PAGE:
In terms of risk factors for VTE, other studies have also identified CVC [2, 13, 14, 18, 28, 29], infection [13, 14, 21, 29], and mechanical ventilation [2, 29] to be risk factors; our study supports these and further adds to the list of potential risk factors by identifying significant associations. It also expands our understanding of the types of central lines and locations of insertion that are associated with higher odds of VTE, as other studies have examined complications of PICCs by upper or lower extremity location and found conflicting results. A meta-analysis of eight studies showed that upper extremity PICCs were associated with a lower risk of thrombosis compared to lower extremity PICCs [30], while two other studies found no difference in thrombosis in upper versus lower extremity PICCs [31, 32]. These studies differ from ours in that they are restricted to PICC lines and have much smaller sample sizes, which can be problematic when studying a low frequency outcome. However, while we only sought to examine VTE, these other studies examine multiple complications and make clear that it will be necessary to balance various other complications of central lines in addition to VTE when constructing a prevention protocol.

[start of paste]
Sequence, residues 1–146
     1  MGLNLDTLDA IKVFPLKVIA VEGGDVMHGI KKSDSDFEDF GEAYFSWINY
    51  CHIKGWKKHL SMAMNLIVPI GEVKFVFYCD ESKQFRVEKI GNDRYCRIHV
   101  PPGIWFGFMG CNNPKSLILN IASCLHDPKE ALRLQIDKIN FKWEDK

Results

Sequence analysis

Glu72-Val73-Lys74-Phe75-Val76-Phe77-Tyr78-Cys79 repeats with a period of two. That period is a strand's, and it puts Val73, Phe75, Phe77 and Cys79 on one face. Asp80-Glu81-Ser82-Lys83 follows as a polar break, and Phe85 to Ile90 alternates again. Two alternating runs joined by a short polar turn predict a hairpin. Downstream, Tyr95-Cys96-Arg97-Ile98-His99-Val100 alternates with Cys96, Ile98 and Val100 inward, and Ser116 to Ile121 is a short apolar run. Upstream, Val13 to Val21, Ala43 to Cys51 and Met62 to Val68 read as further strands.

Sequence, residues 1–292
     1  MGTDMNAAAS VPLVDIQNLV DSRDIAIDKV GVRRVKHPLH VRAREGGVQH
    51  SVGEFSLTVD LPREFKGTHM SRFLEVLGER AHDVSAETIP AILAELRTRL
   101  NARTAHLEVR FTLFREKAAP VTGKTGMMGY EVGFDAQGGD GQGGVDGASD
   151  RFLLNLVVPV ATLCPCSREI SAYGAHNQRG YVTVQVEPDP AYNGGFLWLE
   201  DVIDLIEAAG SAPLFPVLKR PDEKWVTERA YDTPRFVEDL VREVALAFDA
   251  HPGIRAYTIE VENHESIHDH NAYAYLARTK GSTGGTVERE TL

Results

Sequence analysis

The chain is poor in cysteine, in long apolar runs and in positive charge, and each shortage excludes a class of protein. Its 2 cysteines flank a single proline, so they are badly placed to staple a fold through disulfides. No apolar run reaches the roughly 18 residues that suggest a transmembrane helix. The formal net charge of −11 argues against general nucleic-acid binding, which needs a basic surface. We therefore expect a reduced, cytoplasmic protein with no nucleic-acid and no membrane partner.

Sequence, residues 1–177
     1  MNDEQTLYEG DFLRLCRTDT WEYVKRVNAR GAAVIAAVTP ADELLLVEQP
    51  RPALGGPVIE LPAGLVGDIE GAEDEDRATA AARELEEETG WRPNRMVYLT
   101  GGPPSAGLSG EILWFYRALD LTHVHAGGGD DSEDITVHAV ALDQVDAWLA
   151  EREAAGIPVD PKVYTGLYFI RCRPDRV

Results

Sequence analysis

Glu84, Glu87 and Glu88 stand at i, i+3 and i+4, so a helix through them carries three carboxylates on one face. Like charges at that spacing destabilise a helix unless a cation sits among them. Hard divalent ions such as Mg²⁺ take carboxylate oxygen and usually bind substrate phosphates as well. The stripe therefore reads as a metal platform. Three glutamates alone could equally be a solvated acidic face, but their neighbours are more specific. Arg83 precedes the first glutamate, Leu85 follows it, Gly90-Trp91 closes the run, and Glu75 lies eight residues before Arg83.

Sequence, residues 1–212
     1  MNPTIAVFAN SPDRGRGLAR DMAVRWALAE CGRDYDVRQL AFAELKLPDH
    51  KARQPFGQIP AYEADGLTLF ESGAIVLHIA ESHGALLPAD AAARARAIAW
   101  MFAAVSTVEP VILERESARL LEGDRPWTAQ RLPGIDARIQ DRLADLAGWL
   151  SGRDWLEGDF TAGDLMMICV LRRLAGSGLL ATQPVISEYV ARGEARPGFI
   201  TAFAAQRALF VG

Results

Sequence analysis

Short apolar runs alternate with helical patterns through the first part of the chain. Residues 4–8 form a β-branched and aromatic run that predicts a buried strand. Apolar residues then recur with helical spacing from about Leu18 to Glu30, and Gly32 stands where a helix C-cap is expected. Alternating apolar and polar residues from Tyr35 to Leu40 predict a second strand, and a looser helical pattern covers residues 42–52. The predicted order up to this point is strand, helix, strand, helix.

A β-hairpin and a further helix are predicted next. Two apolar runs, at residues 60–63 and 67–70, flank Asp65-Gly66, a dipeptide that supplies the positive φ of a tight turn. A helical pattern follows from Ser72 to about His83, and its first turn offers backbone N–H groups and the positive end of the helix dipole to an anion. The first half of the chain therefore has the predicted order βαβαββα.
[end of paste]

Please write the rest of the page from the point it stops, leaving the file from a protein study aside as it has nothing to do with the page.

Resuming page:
This study is limited by the nature of the administrative discharge database, which relies on coding and billing and can sometimes lack granularity and have missing data. However, PHIS undergoes multiple reliability and validity checks. In our study, other than birthweight (8.80%), missingness was generally <5% (see Table 1 Notes). It is also limited by the reliance on ICD-10 codes to identify the outcome. In a study of ICD-10 codes for venous and arterial thrombosis in the Danish National Patient Registry, the positive predictive value among admitted children 0–18 years was 77.4% among neonates (<28 days) and 51.2% in children 28 days 14 years [33]. We capture VTEs that are “diagnosed” by being assigned an ICD-10 code, but the true prevalence of VTEs (including those that are undiagnosed and not coded) is unknown and cannot be estimated. Another limitation is that how VTEs were “diagnosed”, such as with imaging or clinical symptoms, is unknown. Additionally, our findings are specific to the PHIS NICU population. The generalizability to non-PHIS hospitals may be limited. The PHIS sample includes only free-standing children’s hospitals and VTE is seen more commonly in children’s hospitals [34]. Finally, as with all retrospective studies, this study cannot prove causality but only establish associations that deserve further investigation.